It is well known that the catastrophic failure of an engine, such as an aircraft engine, is usually preceded by a sharp rise in the particulate matter suspended in the engine oil in the 15-30 minutes before failure. It is also known that the size of particles suspended in oil determines the angular reflectance characteristics of the suspension. For example, large particles tend to produce retroreflection, whereas small particles tend to produce uniform angular scattering. Thus an effective sensor for measuring the angular reflectance of a suspension could find ready application in monitoring of engine oil for contaminants.
The present invention provides an angular reflectance sensor that is capable of essentially simultaneous measurement of the reflectance of a surface at a plurality of angles. In a preferred embodiment, the sensor is extremely compact and simple in construction as compared to prior angular reflectance sensor.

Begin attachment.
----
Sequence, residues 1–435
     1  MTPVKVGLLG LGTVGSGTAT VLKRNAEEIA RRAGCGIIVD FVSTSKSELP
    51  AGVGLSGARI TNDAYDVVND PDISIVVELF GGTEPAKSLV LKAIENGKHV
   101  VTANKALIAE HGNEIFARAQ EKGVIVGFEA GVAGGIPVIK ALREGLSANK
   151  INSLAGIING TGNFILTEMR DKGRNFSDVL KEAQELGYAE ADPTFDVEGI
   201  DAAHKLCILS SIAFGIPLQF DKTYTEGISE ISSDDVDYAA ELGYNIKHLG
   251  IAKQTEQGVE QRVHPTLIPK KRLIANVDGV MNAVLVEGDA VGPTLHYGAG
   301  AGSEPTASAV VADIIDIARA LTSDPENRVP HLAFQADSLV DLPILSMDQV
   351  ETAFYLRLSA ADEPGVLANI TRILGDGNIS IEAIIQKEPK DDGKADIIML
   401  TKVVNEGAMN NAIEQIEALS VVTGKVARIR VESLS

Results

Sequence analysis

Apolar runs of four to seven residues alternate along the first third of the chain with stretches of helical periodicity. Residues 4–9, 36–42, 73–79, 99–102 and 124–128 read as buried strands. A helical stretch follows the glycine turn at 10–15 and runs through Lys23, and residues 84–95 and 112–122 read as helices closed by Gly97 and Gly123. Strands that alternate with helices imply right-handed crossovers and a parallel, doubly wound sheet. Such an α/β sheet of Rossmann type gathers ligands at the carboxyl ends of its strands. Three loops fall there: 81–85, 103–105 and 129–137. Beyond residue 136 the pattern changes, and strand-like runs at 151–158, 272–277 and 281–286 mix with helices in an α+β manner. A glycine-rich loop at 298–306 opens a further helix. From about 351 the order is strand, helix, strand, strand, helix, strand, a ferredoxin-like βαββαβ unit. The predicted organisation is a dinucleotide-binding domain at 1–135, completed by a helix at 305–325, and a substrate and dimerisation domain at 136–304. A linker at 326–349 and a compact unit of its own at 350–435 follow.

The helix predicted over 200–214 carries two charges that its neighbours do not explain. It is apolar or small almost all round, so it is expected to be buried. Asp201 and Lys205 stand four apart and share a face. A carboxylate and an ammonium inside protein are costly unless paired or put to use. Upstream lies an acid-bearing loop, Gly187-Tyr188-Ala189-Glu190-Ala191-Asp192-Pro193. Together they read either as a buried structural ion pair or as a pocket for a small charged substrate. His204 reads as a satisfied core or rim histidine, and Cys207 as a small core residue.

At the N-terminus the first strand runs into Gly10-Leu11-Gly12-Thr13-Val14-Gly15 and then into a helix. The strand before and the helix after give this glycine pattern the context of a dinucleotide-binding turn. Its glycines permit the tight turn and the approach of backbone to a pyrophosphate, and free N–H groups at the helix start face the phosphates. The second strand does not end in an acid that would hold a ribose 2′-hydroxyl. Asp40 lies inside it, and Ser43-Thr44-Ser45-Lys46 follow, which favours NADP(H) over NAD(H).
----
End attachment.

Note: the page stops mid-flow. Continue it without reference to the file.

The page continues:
In the preferred embodiment, the angular reflectance sensor comprises a quarter pitch graded index lens having first and second end faces and an optical axis. Light is coupled from an optical source to an input position on the first end face of the graded index lens. A plurality of detectors is provided, each detector having associated therewith an output position on the first end face. Each detector comprises a photodetector and means for optically coupling light from its associated output position to the photodector. Thus, when the second end face of the graded index lens is positioned adjacent the surface, the light coupled to each photodetector is a measure of the reflectance of the surface at a particular angle. The angle is a function of the distance between the output position associated with the photodetector and the optical axis of the graded index lens. An embodiment comprising a conventional converging lens is also described, in which an optical source and a plurality of photodetectors are positioned on one side of the lens at focal distance f therefrom.